Given an algebraic group $G$ in characteristic zero, or a finite dimensional Lie group, one associates to it a Lie algebra, its **tangent Lie algebra** which is the Lie subalgebra $\mathcal{X}^{linv}(G)$ of the Lie algebra $\mathcal{X}^(G)$ left invariant vector fields on $G$ with respect to the usual Lie bracket of vector fields.

The value of a left-invariant vector field $X$ at the unit element $e$ is a tangent vector $X_e$ at $e$. It appears that the specialization/evaluation at the unit element map $\mathcal{X}^{linv}(G)\to T_e G$ is an isomorphism of vector spaces, which is often considered as an identification. However, one needs to look into vector fields in order to find the bracket, hence defining the tangent Lie algebra as the tangent vector space at $e$ misses the bracket (which come from consideration of infintesimals of second order). One can instead work with right invariant vector fields $\mathcal{X}^{rinv}(G)$ and obtain an isomorphic Lie algebra; the isomorphism is of course, by comparing the specialization at $e$.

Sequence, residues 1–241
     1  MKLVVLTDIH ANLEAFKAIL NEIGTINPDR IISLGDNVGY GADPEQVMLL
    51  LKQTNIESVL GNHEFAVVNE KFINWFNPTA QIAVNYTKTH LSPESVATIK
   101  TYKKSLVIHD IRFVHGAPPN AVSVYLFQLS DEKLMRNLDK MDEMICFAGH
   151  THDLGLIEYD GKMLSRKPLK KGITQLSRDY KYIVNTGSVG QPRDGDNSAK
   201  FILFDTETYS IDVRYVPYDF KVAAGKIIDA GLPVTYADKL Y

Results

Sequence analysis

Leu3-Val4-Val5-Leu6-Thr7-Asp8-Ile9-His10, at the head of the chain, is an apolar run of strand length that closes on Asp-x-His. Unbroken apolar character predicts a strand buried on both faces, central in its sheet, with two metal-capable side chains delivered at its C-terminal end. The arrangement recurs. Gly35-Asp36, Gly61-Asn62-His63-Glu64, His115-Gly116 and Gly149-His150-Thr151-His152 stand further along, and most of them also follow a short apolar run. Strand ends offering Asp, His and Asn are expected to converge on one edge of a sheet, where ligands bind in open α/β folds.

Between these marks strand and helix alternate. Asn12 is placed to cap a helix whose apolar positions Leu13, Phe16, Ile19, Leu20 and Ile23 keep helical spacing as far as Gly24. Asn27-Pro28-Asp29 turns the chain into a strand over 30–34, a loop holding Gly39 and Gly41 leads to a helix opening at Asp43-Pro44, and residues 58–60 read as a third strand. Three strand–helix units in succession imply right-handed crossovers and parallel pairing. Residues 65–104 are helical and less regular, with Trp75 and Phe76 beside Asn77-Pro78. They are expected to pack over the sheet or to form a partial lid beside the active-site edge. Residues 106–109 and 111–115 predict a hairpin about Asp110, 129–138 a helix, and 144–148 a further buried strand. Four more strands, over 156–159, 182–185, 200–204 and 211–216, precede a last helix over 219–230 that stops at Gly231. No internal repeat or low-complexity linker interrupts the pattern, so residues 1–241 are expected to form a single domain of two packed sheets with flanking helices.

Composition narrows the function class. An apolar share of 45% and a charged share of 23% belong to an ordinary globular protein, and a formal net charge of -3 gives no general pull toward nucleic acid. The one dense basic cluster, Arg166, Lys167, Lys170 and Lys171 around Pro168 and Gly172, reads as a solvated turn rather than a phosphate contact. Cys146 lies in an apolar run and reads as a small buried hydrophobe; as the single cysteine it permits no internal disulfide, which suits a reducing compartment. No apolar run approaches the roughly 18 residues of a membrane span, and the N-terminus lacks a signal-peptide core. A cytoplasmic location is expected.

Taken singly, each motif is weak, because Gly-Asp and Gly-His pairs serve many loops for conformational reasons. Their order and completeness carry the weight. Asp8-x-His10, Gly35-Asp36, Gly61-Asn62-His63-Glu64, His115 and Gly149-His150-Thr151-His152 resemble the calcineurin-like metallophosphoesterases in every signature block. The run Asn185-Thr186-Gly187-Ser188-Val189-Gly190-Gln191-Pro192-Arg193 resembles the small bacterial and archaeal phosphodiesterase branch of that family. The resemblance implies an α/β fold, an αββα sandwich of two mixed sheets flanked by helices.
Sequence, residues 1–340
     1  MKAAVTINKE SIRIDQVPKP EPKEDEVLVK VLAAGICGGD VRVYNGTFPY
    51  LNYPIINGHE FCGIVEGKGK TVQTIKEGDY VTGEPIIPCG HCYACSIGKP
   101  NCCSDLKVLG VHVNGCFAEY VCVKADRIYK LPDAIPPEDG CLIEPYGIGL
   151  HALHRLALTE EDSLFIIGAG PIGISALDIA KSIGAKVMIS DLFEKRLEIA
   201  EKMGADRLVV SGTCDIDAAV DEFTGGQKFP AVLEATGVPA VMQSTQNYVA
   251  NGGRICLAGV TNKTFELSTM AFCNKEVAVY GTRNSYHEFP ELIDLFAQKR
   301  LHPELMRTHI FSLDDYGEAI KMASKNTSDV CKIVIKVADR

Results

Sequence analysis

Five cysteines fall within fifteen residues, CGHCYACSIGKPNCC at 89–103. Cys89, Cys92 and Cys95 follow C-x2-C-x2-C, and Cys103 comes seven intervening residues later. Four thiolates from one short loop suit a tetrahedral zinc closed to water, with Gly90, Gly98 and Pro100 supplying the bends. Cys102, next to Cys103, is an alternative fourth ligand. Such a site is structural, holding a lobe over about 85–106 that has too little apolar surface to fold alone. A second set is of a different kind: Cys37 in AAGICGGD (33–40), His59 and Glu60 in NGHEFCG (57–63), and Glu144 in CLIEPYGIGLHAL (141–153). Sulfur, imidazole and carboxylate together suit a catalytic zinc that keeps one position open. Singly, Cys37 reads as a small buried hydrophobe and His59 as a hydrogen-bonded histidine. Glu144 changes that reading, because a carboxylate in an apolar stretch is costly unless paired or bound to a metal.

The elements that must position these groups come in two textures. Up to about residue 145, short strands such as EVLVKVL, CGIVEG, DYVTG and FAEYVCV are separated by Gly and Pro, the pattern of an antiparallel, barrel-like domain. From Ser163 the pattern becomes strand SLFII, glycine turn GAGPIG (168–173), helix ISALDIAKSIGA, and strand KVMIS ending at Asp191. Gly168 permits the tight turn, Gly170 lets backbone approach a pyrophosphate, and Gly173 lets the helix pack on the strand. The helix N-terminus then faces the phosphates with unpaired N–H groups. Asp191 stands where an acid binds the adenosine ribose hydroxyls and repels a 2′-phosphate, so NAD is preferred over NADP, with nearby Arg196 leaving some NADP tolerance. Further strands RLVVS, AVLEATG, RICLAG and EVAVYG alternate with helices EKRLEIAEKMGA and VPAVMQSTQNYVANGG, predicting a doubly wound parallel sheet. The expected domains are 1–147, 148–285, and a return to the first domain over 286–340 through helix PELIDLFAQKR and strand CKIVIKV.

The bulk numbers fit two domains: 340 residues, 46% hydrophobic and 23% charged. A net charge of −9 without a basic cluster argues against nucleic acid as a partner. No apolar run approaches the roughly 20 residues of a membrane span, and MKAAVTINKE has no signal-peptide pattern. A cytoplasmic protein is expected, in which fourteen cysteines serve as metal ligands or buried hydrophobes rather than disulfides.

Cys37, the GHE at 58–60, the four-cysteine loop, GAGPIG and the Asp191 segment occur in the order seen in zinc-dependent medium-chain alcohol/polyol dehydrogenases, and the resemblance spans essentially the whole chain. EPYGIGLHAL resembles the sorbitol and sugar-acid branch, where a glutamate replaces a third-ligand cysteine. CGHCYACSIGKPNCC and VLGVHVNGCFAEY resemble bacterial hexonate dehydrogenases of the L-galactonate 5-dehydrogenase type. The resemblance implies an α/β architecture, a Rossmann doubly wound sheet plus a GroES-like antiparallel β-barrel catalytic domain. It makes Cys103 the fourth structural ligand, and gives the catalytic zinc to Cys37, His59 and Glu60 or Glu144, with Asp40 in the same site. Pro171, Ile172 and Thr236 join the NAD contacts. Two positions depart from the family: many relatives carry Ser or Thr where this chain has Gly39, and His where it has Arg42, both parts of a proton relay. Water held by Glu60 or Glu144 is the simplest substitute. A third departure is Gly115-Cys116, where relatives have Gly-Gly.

Within $\mathcal{X}^(G)$, all right invariant vector fields commute with all left invariant vector fields.

The correspondence $G\mapsto\mathcal{X}^{linv}(G)$ is functorial.

A generalization of a tangent Lie algebra of a Lie group is the tangent Lie algebroid.

The first idea of the tangent Lie algebra was explained in a letter of Sophus Lie to his friend Meyer in 1874 (See the historical appendix to Bourbaki, Lie groups and Lie algebras vol. 3).

Created on November 11, 2012 at 23:16:31. See the history of this page for a list of all contributions to it.